If you think the T is in trouble now, get ready.
By the end of this decade, a new study finds that flood damage to the T will cost tens of millions a year as sea levels rise and storms become more intense and frequent, according to the authors of the report in the journal Communications Earth & Environment.
“The MBTA really needs to do something,” said Michael Martello, a researcher in MIT’s Transit Lab and lead author of the report, which was partially supported by the MBTA. “Our analysis shows that their inaction has already doubled their risk and is expected to double it again if nothing else is done.”
Even now, with the sea level around Boston about a foot higher than it was a century ago, major storms have caused flooding in the Green Line near Fenway Station and at Aquarium Station on the Blue Line. But as seas rise another 1.4 feet by 2050, as NOAA has projected, even a relatively mundane storm — the kind that hits every two years — could cause massive damage to the T, inundating vast portions of the system, according to the study.
Without adaptation measures, the cost of keeping up with the damage will more than double from $24 million in 2020 to $58 million by 2030, the study estimates. And it will get worse from there. Depending on how much seas rise — a result of how aggressively the world responds to climate change — annual costs to the T at the end of the century could be $1.2 billion or, in an extreme scenario, $9.3 billion, according to the study.
The study, published last week, lays bare yet another expensive headache for an agency already struggling to provide safe, reliable transportation while updating aging cars, tracks, and other critical equipment. Making the stakes even higher in coming years, city and state climate plans are counting on a high-functioning subway system to lure drivers off the road and slash emissions from gas cars.
Martello’s analysis builds on a study he published in 2021 that found a 100-year storm — one that has a 1 percent chance of occurring in a given year — would completely inundate the Blue Line and large portions of the Red and Orange lines in 2030, and that by 2070, nearly the entire network would be flooded by such a storm.
Joe Pesaturo, a spokesman for the MBTA, said the research is one of the tools the agency will be using to assess impacts from climate change. “This report directly informs the MBTA’s work regarding tunnel portal flood protection,” he said, adding that the MBTA is participating in various regional partnerships as well as the Statewide Hazard Mitigation Climate Adaptation Plan, a process launched in 2018 to incorporate climate impacts and adaptation into planning.
Martello said the MBTA has made an important change since he concluded work on the study, installing flood-proofing barriers around the four entrances to the Blue Line’s flood-prone Aquarium Station — a $1.7 million project.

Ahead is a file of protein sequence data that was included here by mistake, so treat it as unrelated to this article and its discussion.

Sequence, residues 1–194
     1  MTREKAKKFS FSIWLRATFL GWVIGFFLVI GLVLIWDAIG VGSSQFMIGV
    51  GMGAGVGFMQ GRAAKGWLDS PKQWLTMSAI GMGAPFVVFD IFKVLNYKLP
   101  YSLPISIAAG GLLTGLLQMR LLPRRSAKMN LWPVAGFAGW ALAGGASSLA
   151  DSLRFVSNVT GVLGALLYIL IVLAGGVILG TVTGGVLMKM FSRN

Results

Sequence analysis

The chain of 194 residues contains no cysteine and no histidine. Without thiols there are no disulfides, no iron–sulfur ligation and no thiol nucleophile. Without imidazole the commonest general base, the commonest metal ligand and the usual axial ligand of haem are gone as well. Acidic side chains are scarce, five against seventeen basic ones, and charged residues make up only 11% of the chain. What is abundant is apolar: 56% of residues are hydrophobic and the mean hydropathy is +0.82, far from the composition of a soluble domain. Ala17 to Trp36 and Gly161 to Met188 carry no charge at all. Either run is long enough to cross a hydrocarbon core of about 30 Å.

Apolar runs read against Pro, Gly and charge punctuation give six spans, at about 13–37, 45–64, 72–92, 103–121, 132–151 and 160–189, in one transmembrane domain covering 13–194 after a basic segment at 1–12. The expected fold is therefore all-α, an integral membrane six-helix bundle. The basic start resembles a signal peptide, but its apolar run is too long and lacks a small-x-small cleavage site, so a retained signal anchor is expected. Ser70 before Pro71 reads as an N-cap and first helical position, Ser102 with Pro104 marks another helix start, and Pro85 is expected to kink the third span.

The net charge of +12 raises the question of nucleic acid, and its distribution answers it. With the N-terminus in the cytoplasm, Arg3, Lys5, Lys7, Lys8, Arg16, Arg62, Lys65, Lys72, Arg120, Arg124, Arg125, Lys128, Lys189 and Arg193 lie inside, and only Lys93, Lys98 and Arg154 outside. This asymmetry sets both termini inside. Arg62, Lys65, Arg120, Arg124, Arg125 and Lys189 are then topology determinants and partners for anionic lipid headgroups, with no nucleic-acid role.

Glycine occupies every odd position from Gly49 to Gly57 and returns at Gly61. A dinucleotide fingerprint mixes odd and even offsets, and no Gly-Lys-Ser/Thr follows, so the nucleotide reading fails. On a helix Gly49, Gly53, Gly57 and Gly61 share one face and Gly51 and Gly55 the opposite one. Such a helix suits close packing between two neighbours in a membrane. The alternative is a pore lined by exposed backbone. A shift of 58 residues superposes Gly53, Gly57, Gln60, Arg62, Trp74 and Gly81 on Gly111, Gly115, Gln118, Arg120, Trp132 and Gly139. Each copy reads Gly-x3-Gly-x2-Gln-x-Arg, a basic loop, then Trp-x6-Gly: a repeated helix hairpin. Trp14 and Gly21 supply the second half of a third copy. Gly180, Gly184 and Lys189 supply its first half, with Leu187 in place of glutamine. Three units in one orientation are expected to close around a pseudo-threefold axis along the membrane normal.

He said the measures hold an important lesson for the MBTA: A yet-to-be-published analysis he performed after the barriers were installed estimates that flood damage costs dropped to a projected $18 million in 2023 and to $39 million by 2030.
That analysis shows just how much money smart adaptation measures can save the system in the long run, Martello said. He’s hoping his study can be used to help the MBTA prioritize and justify taking these steps now, even as it juggles pressing needs across the system.
Still, he said, those costs — and the risk of the system being disabled — should be a wake-up call, especially because as the sea level rises, so does the likelihood that a climate-fueled extreme storm will hit Boston.
Kate Dineen, president and CEO of A Better City, a transportation-focused business group, called the findings “sobering, but not surprising.” Dineen, who helped lead New York state’s response to Superstorm Sandy, said she felt the MBTA is well-positioned to act with urgency.
“It is time for the agency and our Commonwealth to transition from planning to implementation and prioritize the adaptation projects needed to fortify our vulnerable transit system against worsening flood and heat impacts,” she said.
Pesaturo, from the MBTA, said that some of that work is already underway, and that this report will help direct their effort.
According to the MBTA’s Proposed Capital Investment Plan, the agency has several flood-related projects planned starting in 2024, including $50.3 million for flood mitigation in tunnels and $21.1 million for new headhouses at the Silver Line’s Courthouse Station, which will include flood control barriers.
Other projects, including floodgates and large steel doors at the entrances of the Green Line tunnel near Fenway Station and the development and implementation of flood prevention measures on the Blue Line, are completed or near completion, according to the plan.
It’s welcome work — if a little late, said Paul Kirshen, a climate scientist from UMass Boston who studies sea level rise and who was on a team that reviewed and approved Martello’s work. “This should have been done earlier,” he said. “Anything new that’s been built since about 2000, they should have been thinking about climate change.”
Going forward, Kirshen said, he and others in the scientific and advocacy community are hoping to see more regional approaches to adaptation that could benefit not just one agency, but meet needs across the vulnerable locations in the city.
“That’s great that an agency or some building owner is protecting their own assets, but that means that after a storm, that asset will still be standing but it doesn’t mean people will be able to get there,” he said.
Sabrina Shankman can be reached at firstname.lastname@example.org. Follow her on Twitter @shankman.